Society

Life in Japan: The Decisive Moment

For those who has been staying in Japan for some time, inevitably one will face the moment, when a decision has to be made and it will affect the outcome of life in Japan greatly.

Staying in Japan may sounds glamorous for many, but for fellow expats staying here, we knew that the reality may not be as fancy as imagined by friends and families back home.

As for my own experience, the plan is to gain a few years of working experience here after graduating from a local Japanese university. This plan is similarly echoed by a number of fellow countrymen staying here as well.

The Kabukiza theater at Ginza.

The Kabuki-za theater at Ginza. One of the pinnacle of traditional Japanese culture.

After spending 5 years as a student in the education institutions, I thought it is essential for one to experience life as a shakaijin (社会人, worker).

As a student, we were protected like being wrapped inside a cocoon and can be forgiven for the mistakes that we’ve committed. But as a shakaijin, the harsh reality can be unforgiving and merciless for every mistakes we’ve made, no matter how minor it is. Even if it sounded harsh, I believe there’s something we can learn from this experience.

Shinjuku skyline as seen from the office.

Shinjuku skyline as seen from the office.

I did noticed that over the past few years, there’s definitely a change in mindset on how we think and react, as we’re trying to adapt and assimilate the general mannerism of the Japanese society in our daily life. Some examples like, saying “Gochiso-sama” after finishing a meal; being noticeably apologetic and constant “Sumimasen” exchanges after brushed off others slightly on the street.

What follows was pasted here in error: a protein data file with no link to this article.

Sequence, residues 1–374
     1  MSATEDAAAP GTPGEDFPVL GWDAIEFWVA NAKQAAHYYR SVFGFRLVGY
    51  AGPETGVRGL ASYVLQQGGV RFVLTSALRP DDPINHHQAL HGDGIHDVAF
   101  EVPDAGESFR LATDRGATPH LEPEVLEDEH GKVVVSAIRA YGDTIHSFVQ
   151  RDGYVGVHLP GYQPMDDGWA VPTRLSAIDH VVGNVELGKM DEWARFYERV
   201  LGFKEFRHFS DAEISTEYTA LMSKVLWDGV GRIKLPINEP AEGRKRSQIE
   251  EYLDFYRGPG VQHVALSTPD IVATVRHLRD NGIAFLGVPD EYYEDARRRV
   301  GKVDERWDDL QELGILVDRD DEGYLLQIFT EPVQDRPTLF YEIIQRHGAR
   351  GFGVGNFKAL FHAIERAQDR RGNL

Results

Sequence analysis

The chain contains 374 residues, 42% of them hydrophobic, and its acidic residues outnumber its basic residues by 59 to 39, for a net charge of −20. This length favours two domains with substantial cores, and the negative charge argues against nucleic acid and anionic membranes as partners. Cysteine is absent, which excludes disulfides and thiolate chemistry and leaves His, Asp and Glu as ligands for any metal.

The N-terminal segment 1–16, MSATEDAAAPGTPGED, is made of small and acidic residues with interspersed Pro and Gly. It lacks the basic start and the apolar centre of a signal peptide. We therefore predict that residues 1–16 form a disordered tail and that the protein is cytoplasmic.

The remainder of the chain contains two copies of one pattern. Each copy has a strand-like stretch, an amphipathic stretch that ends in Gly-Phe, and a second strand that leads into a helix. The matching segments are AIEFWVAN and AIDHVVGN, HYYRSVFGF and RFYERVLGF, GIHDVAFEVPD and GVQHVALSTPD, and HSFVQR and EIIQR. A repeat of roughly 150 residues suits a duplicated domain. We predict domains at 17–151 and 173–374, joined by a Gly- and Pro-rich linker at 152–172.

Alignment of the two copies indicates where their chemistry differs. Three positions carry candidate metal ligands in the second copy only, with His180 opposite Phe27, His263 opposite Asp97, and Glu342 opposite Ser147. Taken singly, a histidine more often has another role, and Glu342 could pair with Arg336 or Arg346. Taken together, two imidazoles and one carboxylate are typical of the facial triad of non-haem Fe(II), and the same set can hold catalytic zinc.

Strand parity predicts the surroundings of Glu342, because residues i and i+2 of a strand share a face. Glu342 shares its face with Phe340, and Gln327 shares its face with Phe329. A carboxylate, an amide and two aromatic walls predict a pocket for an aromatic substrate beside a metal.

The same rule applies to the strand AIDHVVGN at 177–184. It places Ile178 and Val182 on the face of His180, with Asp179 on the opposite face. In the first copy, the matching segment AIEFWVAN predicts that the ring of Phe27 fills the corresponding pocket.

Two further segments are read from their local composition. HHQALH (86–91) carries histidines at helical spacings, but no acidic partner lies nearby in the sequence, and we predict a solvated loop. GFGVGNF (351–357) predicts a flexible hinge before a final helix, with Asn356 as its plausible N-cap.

For better for worse, and whether we like it or not, such changes come naturally and you may not noticed about it until you take a step backward and look at yourself objectively.

Train tracks at Ikebukuro, signifying different paths in life.

Different paths can be chosen to reach the same destination. Taken at Ikebukuro.

And that may lead some to an identity crisis.

After spending years here, at times we may think that our thoughts are closer to a Japanese than someone from our home country. Some embrace it openly and went as far as getting a Permanent Resident status or naturalized to become a Japanese passport holder.

Those who cannot cope with it however, loathed the idea, and eventually decided to go back.

Thus, it is important to remember what you loved about Japan at the first place in order to keep yourself in check.

Remember the first encounter where you’re inspired by something about Japan, something that left a lasting impression on you. It could be an anime that you’ve watched, a bowl of Ramen you have had, or just simply the natural beauties of the country.

Sushi, one of the many things I like about Japan.

Sushi, one of the many things I like about Japan.

Years ago we’ve made the decision of coming to Japan, and ultimately there will be a time when we have to consider, whether to keep on staying in Japan, or back to somewhere we belong.

Regardless of which decision you’ve taken, remember that you are responsible for it and do not regret over it. Each decision will eventually leads you to another different experience, so let’s just keep calm, have faith in yourself and go for it!


  
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Cliff

About Cliff

Loves photography & sushi. Appreciates fine design.

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